Create Responsibly

The entire IT/tech industry has been succesful for decades and its golden age might be happening right now. No doubt it’ll keep growing like that for an unknown period of time and increase its impact on humanity. One thing is certain: IT and tech are the solution to many problems the humanity has been dealing with for centuries. They also offer possibilities people wouldn’t even dream of just a couple of decades ago. However, they also have to find solutions to problems they cause themselves, as progress brings a set of difficult issues of every sort to the table.

All kinds of crimes one could ever imagine are all there and you can see and experience them every day. There are new crimes that are commited online only, like massive data leaks or e-mail scams, to mention just two.

There are new addictions. Take games, social media, porn and being online in general. These are the diseases that appeared on a massive scale just a couple of years ago.

Some seriously messed up guys are using the web for their own purposes. They make high-quality movies showing horrible things and spread them across the web. The web is full of creeps.

All this appeared in our lives together with the Internet and mobile technologies.

I’m not going to complain on how bad the Internet is, not a bit. Making it possible for massive groups of people to be constanly online is one of the most important inventions ever made. It is a wide-spread tool to communicate in a variety of ways, and a vast library containing pretty much everything we know. 3.5 billion people can access it. If that’s not one of the biggest achievements ever made, tell me what is.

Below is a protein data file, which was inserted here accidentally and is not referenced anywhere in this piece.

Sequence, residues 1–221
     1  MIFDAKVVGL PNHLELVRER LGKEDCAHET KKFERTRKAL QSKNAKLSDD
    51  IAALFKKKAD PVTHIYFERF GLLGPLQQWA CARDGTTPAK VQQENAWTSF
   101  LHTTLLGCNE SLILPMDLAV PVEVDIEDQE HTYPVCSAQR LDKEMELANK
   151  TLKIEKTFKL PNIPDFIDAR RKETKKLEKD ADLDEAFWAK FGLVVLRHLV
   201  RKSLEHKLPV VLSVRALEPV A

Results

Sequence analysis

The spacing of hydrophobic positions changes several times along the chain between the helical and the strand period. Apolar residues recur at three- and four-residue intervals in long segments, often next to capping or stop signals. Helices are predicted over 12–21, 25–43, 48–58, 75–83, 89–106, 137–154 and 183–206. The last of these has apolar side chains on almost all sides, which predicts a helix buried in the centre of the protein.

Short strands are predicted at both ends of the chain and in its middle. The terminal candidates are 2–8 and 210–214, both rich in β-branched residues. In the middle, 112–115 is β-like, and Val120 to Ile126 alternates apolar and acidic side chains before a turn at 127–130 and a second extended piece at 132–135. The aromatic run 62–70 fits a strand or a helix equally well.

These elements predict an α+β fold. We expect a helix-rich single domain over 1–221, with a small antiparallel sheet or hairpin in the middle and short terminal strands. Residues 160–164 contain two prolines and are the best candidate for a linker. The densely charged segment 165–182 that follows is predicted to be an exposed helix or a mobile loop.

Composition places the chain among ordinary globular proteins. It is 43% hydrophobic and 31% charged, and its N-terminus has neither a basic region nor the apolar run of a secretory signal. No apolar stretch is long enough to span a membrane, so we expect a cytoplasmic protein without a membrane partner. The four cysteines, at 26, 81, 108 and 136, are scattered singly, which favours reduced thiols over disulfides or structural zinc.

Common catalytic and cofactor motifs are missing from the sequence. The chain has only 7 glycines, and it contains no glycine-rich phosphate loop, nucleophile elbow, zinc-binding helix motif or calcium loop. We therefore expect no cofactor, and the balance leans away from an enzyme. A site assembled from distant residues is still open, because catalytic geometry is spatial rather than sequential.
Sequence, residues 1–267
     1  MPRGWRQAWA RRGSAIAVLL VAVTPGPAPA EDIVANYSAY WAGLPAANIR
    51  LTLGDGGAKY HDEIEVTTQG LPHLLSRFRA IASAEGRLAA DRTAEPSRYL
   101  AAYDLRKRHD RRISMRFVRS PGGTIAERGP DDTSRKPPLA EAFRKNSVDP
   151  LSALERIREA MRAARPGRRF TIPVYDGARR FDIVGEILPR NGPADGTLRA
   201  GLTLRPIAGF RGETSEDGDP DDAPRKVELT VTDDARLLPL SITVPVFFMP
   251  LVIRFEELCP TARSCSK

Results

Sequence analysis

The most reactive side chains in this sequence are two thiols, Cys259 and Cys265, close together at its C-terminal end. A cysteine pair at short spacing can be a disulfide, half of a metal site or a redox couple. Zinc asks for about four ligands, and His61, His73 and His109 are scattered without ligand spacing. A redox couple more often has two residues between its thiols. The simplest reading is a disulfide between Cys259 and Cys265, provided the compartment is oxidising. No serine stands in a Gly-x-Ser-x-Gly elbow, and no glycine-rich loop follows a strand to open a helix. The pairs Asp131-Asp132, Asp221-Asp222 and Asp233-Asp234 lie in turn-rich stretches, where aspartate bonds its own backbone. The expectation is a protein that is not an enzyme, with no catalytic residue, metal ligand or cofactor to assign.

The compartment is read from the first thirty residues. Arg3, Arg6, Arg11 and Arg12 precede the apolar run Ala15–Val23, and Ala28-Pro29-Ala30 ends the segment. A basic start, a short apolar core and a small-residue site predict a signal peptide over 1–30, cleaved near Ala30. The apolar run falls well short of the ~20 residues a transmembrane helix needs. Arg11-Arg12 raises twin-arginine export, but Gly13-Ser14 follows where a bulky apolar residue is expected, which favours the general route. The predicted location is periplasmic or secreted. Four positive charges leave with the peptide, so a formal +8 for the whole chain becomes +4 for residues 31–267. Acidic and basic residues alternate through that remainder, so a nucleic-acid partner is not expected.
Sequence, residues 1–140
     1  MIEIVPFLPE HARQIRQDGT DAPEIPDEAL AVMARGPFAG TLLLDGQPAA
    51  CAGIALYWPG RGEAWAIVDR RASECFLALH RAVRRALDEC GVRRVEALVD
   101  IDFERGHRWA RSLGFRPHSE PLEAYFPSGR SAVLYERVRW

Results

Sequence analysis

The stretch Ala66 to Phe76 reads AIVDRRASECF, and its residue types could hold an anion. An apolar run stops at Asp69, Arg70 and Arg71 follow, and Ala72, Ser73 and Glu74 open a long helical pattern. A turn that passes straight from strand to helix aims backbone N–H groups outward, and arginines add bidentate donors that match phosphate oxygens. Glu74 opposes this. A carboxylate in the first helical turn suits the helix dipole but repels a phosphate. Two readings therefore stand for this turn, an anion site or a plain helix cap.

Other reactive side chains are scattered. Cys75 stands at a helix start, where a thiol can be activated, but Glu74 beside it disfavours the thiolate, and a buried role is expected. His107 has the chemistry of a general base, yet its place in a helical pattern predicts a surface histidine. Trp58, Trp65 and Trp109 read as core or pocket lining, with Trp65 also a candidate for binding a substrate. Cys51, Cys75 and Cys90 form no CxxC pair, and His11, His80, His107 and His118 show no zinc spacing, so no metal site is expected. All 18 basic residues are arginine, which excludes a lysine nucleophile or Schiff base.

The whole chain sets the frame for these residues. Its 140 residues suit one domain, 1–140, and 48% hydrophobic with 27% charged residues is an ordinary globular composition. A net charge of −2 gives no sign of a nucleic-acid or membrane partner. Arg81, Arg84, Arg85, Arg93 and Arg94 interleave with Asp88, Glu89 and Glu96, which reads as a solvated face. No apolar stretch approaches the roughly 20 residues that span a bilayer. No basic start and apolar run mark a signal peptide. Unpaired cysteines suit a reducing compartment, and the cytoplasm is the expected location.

For many of us Internet access is as obvious as it is natural. It’s good, because it means that a big part of the entire planet lives in decent conditions. But twenty years ago there was hardly any Internet or, at least, it was nothing like today.

It’s an important part of our lives. If there’s no connection, most of our devices become useless rubbish. And oh: we all carry “personal devices” in our pockets day in, day out. Twenty five years ago those technologies were called sci-fi.

So, the Internet is a huge thing. It runs everything and there’s a vast number of people who contribute to it in gazillion ways on a daily basis. This made me think about the entire IT/tech industry many times.

This thought became even stronger when I listened to Gary Vaynerchuk at the TNW Conference in Amsterdam this year. He mentioned something I had already noticed: that there’s a whole lot of people in the industry who want to start a web business, pump it, then sell it and become rich. That’s their goal: grab some money and be outta here. I heard people talking like this so many times that it made me wonder.